Alternative methods for producing films of GaAs include :
Wet etching of GaAs industrially uses an oxidising agent e.g. hydrogen peroxide or bromine water, and the same strategy has been described in a patent relating to processing scrap components containing GaAs where the Ga3+ is complexed with a hydroxamic acid, "HAe.g.:
Oxidation of GaAs occurs in air and degrades performance of the semiconductor, the surface can be passivated by depositing a cubic gallium(II) sulfide layer using a tert-butyl gallium sulfide compound such as (tBuGaS)7
Another advantage of GaAs is that it has a direct band gap, which means that it can be used to emit light efficiently. Silicon has an indirect bandgap and so is very poor at emitting light. (Nonetheless, recent advances may make silicon LEDs and lasers possible).
Due to its high switching speed, GaAs would seem to be ideal for computer applications, and for some time in the 1980s many thought that the microelectronics market would switch from silicon to GaAs. The first attempted changes were implemented by the supercomputer vendors Cray Computer Corporation, Convex, and Alliant in an attempt to stay ahead of the ever-improving CMOS microprocessor. Cray eventually built one GaAs-based machine in the early 1990s, the Cray-3, but the effort was not adequately capitalized, and the company filed for bankruptcy in 1995.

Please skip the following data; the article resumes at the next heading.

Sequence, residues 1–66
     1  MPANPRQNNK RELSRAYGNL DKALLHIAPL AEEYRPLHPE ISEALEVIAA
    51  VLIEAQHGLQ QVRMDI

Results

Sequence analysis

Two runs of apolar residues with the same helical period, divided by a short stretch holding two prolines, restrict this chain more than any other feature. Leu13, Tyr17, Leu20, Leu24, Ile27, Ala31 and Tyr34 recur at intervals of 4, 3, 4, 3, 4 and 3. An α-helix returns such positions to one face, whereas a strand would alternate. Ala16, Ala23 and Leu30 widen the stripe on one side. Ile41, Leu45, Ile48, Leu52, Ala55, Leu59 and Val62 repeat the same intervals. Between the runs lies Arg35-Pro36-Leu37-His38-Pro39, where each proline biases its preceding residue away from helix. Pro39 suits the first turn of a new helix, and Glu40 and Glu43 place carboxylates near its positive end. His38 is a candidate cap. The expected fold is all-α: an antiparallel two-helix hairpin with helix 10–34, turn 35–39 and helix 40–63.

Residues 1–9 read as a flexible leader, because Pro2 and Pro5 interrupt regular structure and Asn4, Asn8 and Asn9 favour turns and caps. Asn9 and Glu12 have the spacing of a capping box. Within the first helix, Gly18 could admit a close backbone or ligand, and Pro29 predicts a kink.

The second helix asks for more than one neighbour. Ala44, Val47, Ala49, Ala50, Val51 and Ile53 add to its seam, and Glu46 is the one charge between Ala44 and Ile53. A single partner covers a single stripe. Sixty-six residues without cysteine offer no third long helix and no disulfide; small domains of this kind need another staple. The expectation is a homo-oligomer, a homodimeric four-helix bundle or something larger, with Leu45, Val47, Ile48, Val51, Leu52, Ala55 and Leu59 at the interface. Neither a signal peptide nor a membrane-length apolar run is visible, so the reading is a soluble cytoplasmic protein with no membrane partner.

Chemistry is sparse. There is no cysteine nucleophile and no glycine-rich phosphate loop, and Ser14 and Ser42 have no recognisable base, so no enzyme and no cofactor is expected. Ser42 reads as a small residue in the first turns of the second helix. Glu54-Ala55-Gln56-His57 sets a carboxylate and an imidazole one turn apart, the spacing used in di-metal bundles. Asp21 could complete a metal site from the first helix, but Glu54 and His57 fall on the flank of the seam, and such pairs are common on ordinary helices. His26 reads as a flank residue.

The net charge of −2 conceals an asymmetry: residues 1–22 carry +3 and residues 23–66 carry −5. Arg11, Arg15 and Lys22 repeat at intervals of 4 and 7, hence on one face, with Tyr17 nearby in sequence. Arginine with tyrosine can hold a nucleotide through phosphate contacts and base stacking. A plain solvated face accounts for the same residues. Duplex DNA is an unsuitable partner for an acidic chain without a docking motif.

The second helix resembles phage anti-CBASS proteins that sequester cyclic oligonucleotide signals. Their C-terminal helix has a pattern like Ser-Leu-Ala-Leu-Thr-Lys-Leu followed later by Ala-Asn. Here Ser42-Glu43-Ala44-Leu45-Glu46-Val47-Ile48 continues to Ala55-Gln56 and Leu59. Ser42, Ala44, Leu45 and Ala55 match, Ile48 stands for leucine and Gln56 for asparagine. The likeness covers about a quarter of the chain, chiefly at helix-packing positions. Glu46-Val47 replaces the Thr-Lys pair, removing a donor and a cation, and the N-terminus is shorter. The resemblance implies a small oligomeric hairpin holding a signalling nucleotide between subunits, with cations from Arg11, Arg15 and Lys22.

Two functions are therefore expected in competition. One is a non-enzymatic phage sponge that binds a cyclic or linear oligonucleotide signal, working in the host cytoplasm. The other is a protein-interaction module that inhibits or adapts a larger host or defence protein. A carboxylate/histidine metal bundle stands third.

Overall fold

Complex layered structures of gallium arsenide in combination with aluminium arsenide (AlAs) or the alloy AlxGa1-xAs can be grown using molecular beam epitaxy (MBE) or using metalorganic vapour phase epitaxy (MOVPE). Because GaAs and AlAs have almost the same lattice constant, the layers have very little induced strain, which allows them to be grown almost arbitrarily thick.
The second major advantage of Si is the existence of silicon dioxide—one of the best insulators. Silicon dioxide can easily be incorporated onto silicon circuits, and such layers are adherent to the underlying Si. GaAs does not form a stable adherent insulating layer.
The third, and perhaps most important, advantage of silicon is that it possesses a much higher hole mobility. This high mobility allows the fabrication of higher-speed P-channel field effect transistors, which are required for CMOS logic. Because they lack a fast CMOS structure, GaAs logic circuits have much higher power consumption, which has made them unable to compete with silicon logic circuits.
Complex designs of AlxGa1-xAs-GaAs devices can be sensitive to infrared radiation (QWIP).
GaAs diodes can be used for the detection of x-rays.
Single crystals of gallium arsenide can be manufactured by the Bridgeman technique, as the Czochralski process is difficult for this material due to its mechanical properties. However, an encapsulated Czochralski method is used to produce ultra-high purity GaAs for semi-insulators.
GaAs is often used a substrate material for the epitaxial growth of other III-V semiconductors including: InGaAs and GaInNAs.
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